Maybe you’ll get used to this. Or maybe it will continue to be annoying. We also wonder why it’s placed the controls for the lights and the heated screen so far from the driver’s reach.

ID Light

Another novel element of the ID.3’s interior is the ID Light. This is an illuminated strip just below the windscreen that’s intended to be a friendly additional form of information for the driver (and front passenger). This is gimmicky, but effective.

Using various colours and lighting patterns, it can alert you to direction changes in combination with the sat-nav, warn you of hazards ahead, playfully announce a phone call, and indicate the car’s charging status. It can also signal that the Hello ID voice control knows which person is talking to it, so if the front passenger says ‘I’m cold’ it will just turn up the temperature for them.

It also comes to life when the car is ready to drive, since the ID.3 only requires that you have the key and be sitting in the driver’s seat, without any need to press a starter button. An approach pioneered by Tesla, this is another way the ID.3 feels different to an ordinary Volkswagen, and something that only really makes sense with an electric drive system.

Standard equipment

All of the initial batch of UK cars are VW ID.3 1st Edition models – which means they come loaded with standard equipment and an accompanying price tag of just under £40,000 (before any incentive discounts such as the UK government Plug-in Car Grant). With these, the only factory option available is a choice of paint – everything else is dealer-fit accessories.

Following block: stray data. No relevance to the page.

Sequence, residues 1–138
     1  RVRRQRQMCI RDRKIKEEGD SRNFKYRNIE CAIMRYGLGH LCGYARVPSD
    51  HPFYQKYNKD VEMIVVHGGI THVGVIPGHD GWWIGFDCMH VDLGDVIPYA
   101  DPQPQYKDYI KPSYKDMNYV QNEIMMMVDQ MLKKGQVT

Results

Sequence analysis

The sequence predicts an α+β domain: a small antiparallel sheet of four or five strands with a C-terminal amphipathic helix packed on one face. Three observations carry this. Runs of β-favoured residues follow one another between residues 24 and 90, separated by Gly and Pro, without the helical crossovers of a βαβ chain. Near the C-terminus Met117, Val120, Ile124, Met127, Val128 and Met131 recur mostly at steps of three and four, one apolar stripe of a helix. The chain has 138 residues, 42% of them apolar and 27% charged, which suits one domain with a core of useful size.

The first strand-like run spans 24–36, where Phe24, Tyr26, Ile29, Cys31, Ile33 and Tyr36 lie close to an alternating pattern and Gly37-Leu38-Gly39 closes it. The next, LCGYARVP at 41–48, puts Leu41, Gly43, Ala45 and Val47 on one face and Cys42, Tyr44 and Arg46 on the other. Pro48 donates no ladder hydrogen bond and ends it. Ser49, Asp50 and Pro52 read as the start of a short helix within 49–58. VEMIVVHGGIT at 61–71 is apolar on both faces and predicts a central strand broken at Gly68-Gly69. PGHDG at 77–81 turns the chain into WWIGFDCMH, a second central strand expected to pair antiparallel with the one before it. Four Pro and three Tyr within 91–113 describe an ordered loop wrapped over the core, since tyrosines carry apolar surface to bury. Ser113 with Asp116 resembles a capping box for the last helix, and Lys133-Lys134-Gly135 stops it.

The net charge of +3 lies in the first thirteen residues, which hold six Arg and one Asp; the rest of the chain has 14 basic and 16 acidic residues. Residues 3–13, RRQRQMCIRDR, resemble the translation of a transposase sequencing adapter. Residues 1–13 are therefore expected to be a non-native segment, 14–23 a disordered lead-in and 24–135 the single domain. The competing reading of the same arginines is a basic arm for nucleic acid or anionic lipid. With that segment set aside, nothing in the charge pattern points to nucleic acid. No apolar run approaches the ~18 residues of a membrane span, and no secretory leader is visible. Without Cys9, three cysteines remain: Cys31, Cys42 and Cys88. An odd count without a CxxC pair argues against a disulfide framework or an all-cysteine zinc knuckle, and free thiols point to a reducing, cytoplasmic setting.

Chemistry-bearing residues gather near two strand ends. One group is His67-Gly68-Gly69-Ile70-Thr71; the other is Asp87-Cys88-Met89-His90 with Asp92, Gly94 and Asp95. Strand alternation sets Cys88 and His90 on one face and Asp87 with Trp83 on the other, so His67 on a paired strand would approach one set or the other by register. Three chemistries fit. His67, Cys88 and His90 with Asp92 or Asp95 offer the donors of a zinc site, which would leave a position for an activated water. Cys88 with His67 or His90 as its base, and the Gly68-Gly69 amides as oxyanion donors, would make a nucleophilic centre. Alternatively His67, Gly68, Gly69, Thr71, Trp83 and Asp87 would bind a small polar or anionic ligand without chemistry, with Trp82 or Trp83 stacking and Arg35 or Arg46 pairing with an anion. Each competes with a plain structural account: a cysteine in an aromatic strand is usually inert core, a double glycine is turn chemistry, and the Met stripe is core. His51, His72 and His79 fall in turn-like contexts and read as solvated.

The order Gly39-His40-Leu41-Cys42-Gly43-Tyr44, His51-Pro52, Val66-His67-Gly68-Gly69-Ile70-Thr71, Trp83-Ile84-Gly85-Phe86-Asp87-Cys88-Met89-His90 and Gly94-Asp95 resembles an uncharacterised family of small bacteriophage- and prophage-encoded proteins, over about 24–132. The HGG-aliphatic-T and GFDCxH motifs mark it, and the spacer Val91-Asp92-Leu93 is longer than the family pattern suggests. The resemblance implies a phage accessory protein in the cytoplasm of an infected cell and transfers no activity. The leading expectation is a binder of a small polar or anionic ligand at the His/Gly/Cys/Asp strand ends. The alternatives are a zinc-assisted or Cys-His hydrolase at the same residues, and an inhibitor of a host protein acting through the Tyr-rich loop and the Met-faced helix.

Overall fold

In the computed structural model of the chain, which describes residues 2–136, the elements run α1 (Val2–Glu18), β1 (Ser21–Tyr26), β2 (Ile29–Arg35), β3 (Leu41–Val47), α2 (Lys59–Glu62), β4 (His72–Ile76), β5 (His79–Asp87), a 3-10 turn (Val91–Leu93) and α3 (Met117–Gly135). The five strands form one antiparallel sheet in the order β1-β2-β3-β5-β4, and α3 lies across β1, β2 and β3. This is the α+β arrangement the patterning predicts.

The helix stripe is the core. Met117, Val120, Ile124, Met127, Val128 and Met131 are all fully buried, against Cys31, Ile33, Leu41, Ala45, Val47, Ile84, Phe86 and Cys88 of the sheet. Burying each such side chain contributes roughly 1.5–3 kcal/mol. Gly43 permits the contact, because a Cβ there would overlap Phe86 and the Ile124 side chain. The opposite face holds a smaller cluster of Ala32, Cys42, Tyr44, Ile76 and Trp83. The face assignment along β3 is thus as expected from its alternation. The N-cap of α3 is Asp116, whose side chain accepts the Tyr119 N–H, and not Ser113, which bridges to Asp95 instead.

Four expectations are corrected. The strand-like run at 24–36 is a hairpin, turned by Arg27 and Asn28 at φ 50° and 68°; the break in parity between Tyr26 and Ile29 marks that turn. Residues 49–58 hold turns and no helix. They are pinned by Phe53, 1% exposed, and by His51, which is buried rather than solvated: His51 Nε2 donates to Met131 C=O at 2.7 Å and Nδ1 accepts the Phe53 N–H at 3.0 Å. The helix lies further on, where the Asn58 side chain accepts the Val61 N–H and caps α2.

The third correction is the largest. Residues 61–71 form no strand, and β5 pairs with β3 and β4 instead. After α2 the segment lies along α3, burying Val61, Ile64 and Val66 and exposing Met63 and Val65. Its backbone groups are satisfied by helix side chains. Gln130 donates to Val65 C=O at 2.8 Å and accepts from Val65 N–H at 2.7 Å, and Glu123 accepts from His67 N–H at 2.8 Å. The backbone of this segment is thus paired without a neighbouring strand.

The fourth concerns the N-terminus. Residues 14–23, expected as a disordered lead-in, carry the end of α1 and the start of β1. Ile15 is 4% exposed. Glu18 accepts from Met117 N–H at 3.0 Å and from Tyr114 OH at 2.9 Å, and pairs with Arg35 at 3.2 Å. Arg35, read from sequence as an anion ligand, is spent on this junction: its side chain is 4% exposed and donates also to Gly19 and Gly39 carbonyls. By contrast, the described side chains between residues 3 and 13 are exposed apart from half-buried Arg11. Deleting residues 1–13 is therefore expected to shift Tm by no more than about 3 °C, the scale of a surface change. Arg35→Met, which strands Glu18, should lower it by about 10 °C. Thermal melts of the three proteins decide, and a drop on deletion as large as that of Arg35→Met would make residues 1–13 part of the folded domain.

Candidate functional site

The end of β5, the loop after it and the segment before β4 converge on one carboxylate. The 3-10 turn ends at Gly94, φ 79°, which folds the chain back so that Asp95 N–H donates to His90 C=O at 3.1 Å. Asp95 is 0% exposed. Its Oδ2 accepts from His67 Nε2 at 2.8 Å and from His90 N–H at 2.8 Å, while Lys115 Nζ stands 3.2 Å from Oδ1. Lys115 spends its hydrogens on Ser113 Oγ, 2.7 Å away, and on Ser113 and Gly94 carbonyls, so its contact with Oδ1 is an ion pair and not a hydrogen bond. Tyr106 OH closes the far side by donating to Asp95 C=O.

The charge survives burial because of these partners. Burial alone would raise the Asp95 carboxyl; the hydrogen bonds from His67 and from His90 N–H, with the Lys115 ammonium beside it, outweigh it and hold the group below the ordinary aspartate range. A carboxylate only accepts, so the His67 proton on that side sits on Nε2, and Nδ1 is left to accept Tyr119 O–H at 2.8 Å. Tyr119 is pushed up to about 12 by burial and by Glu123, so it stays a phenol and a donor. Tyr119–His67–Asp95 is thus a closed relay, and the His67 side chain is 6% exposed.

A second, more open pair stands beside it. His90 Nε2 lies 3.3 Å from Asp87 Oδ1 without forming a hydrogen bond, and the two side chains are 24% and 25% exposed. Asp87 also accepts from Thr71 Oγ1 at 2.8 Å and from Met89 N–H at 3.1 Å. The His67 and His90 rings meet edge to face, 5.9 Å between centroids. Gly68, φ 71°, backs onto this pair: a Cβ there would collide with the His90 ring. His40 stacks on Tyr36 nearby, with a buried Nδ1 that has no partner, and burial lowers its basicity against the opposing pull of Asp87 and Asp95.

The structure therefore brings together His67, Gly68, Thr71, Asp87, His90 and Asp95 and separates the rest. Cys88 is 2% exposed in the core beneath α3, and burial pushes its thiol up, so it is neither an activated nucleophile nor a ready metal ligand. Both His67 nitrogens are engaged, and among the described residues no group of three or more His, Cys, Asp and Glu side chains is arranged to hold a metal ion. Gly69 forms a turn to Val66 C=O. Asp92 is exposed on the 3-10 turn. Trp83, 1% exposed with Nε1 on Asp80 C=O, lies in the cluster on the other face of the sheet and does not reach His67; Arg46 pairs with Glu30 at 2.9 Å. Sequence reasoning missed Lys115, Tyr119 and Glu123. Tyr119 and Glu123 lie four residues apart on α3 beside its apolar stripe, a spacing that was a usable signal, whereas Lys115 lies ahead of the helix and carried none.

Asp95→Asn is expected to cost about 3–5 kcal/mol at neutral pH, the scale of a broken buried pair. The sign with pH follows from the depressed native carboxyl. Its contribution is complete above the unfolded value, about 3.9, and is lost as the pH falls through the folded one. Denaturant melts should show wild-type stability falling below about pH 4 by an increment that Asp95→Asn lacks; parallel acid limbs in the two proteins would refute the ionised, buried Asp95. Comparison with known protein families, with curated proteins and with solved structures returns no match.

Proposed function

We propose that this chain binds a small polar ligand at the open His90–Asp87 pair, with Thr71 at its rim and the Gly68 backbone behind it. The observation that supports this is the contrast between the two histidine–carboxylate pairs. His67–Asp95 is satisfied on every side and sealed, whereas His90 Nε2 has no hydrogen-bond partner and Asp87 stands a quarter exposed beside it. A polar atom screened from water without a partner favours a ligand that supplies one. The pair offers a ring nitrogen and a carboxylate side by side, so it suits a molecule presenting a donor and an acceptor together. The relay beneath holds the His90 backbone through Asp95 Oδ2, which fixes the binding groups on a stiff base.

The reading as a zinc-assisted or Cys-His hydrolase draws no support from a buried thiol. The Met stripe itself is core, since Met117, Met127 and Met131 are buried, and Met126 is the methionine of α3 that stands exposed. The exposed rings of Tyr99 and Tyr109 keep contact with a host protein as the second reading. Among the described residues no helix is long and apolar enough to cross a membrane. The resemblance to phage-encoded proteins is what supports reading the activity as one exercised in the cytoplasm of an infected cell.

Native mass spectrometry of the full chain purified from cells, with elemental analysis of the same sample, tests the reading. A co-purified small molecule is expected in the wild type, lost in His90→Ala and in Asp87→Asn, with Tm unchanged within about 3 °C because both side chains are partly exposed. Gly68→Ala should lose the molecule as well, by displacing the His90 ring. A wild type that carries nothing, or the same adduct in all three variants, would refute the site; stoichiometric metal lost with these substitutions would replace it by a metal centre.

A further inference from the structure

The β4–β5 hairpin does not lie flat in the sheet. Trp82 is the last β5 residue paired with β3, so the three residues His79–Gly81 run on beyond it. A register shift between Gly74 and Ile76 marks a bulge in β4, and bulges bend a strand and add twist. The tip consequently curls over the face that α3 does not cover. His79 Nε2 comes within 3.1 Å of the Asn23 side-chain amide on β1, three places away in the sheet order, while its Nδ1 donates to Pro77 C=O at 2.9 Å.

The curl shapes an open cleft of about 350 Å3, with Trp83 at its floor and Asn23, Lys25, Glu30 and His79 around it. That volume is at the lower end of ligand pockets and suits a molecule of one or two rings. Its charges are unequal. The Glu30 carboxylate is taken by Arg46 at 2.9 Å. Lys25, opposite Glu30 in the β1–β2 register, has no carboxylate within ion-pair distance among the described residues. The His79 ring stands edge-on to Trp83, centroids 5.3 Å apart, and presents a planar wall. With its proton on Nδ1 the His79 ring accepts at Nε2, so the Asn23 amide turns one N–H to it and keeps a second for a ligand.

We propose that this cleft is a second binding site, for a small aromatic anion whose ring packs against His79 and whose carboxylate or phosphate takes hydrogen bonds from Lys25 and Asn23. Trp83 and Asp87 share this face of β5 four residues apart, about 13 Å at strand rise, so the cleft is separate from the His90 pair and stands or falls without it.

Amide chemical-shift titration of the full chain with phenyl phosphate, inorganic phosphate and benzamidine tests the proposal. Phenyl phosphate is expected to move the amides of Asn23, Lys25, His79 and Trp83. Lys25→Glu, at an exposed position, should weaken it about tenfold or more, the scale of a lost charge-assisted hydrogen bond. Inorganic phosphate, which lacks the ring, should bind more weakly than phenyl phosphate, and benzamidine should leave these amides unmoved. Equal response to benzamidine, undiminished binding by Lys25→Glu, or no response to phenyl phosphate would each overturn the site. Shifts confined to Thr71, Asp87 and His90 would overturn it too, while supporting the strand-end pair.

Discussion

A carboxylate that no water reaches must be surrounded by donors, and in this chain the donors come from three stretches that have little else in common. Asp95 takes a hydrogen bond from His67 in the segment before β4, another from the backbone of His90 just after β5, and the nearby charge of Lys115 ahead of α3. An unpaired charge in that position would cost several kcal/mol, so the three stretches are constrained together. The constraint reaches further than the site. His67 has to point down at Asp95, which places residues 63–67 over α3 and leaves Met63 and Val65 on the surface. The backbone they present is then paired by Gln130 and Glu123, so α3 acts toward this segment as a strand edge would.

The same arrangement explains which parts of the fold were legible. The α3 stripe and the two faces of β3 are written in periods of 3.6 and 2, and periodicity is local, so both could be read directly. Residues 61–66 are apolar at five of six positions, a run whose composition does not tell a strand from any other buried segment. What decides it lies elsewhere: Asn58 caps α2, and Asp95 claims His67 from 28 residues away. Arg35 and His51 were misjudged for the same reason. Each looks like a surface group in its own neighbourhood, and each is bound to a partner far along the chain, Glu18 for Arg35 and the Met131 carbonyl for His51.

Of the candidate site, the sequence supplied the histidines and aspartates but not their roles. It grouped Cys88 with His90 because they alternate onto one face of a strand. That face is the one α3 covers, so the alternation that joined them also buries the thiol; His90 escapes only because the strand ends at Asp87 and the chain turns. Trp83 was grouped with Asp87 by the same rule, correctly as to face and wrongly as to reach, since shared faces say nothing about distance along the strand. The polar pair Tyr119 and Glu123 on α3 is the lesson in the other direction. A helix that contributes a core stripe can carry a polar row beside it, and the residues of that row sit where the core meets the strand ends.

Highlight standard equipment items for the 1st Edition include 100kW fast charging capability, dual-zone air-conditioning, silver exterior styling elements, LED Matrix headlights, LED taillights with dynamic sequential indicators, illuminated front grille, heated front seats and washer jets, additional active safety, extra USB ports inside, and 19-inch alloy wheels.

In time, the ID.3 will be available in a range of trim levels and a selection of option packages. Even entry-level models will include 50kW charging, adaptive cruise control with AEB, climate control, alarm, 10.0-inch infotainment system with sat-nav, automatic lights and wipers, Lane Assist, LED lights, 18-inch alloy wheels, and a rear view camera – and that’s just scratching the surface.

Buyers of those models will have to make do with just 10 ambient lighting options, though, instead of the 1st Edition’s 50.

Is the quality good enough?

Most of what you routinely touch in the ID.3 does feel good quality. But when it comes to the price of those 1st Edition models in particular, there are some areas of the interior where you might think Volkswagen is being a little cheeky.

For example, while the door panel armrests are lovely and soft on the elbow, the upper panel and much of the rest of the door is a hard, slightly scratchy plastic. The point on the instrument panel where the drive selector seemed to be poorly fitted on our test car, while the design of the button areas on the steering wheel also makes them feel cheap and arguably quite nasty – which doesn’t help with their slightly awkward operation.

It’s almost as if VW has decided it’s okay to cut a few corners because this is an electric car – the electric drive components are undoubtedly expensive, so perhaps cost savings did have to be made elsewhere in order to keep the ID.3 relatively affordable.

Take a good look on the test drive and see if you’re happy with the compromise. On balance, we think we would be.